Drug reaction with eosinophilia and systemic symptoms
Drug reaction with eosinophilia and systemic symptoms (DRESS syndrome) is caused by exposure to certain medications that may result in a rash, fever, inflammation of internal organs, lymphadenopathy, and characteristic hematologic abnormalities such as eosinophilia, thrombocytopenia, and atypical lymphocytosis. The syndrome has about a 10% mortality. Treatment consists of stopping the offending medication and providing supportive care. Systemic steroids are commonly used, as well, but no controlled clinical trials assess the efficacy of this treatment.
DRESS is one of several terms that have been used to describe a severe idiosyncratic reaction to a drug that is characterized by a long latency of onset after exposure to the offending medication, a rash, involvement of internal organs, hematologic abnormalities, and systemic illness. Other synonymous names and acronyms include hypersensitivity syndrome (DIHS), anticonvulsant hypersensitivity syndrome, drug-induced hypersensitivity syndrome, drug-induced delayed multiorgan hypersensitivity syndrome, and drug-induced pseudolymphoma.
Signs and symptoms
The symptoms of DRESS syndrome usually begin several weeks after exposure to the offending drug. No gold standard exists for diagnosis, and at least two diagnostic criteria have been proposed. The RegiSCAR criteria  and the Japanese consensus group criteria are detailed in the table below.
|RegiSCAR inclusion criteria for DRESS syndrome. Three of the four starred criteria are required for diagnosis||Japanese consensus group diagnostic criteria for DIHS: Seven criteria are needed for diagnosis of DIHS or the first five criteria required for diagnosis of atypical DIHS.|
|Hospitalization||Maculopapular rash developing > 3 weeks after starting the suspected drug|
|Reaction suspected to be drug-related||Prolonged clinical symptoms 2 weeks after discontinuation of the suspected drug|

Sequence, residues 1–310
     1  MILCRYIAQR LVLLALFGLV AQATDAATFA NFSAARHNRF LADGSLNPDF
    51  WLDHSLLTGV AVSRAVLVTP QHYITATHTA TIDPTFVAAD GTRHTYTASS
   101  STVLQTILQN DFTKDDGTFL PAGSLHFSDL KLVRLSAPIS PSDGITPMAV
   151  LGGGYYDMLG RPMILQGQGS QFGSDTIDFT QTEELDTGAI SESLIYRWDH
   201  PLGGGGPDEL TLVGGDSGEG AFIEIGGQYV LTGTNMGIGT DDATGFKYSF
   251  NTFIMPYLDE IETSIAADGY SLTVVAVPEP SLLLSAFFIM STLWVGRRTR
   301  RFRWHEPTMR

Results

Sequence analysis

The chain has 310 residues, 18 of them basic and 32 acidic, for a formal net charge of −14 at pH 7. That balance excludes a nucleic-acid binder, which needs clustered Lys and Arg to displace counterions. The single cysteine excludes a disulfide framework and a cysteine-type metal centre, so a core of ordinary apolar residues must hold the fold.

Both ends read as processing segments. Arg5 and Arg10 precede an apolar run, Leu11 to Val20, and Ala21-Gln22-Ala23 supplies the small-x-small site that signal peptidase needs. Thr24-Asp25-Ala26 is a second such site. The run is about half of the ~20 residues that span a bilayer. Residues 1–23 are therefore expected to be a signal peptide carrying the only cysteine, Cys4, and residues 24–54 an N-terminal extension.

|Acute Rash*||Fever > 38 °C|
|Fever > 38 °C*||Liver abnormalities (ALT > 100 U/l or other organ involvement|
|Lymphadenopathy in at least two sites*||Leukocyte abnormalities|
|Involvement of at least one internal organ*||Leukocytosis ( > 11 x 109/l)|
|Blood count abnormalities (lymphopenia or lymphocytosis*, eosinophilia*, thrombocytopenia*)||Atypical lymphocytosis (>5%)|
|Human herpesvirus 6 reactivation|
Symptoms may be severe and involve many different organs. In a retrospective Taiwanese cohort study of 60 patients, these incidences were observed.
|Incidence of organ involvement in DRESS syndrome |
|Organ||Percent of patients with involvement|
|Incidence of hematologic abnormalities in DRESS syndrome |
|Abnormality||Percent of patients with abnormality|
Drugs that commonly induce DRESS syndrome include phenobarbital, carbamazepine, phenytoin, lamotrigine, minocycline, sulfonamides, allopurinol, modafinil, dapsone, ziprasidone, vancomycin, and most recently olanzapine. It has been associated with HHV-6 reactivation.
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- "Ziprasidone (Marketed as Geodon and Generics): Drug Safety Communication - Rare But Potentially Fatal Skin Reactions". 11 December 2014.
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- "Olanzapine: Drug Safety Communication - FDA Warns About Rare But Serious Skin Reactions". 10 May 2016.
- Volume 14, Issue 8, Pages 498-500 (December 2003)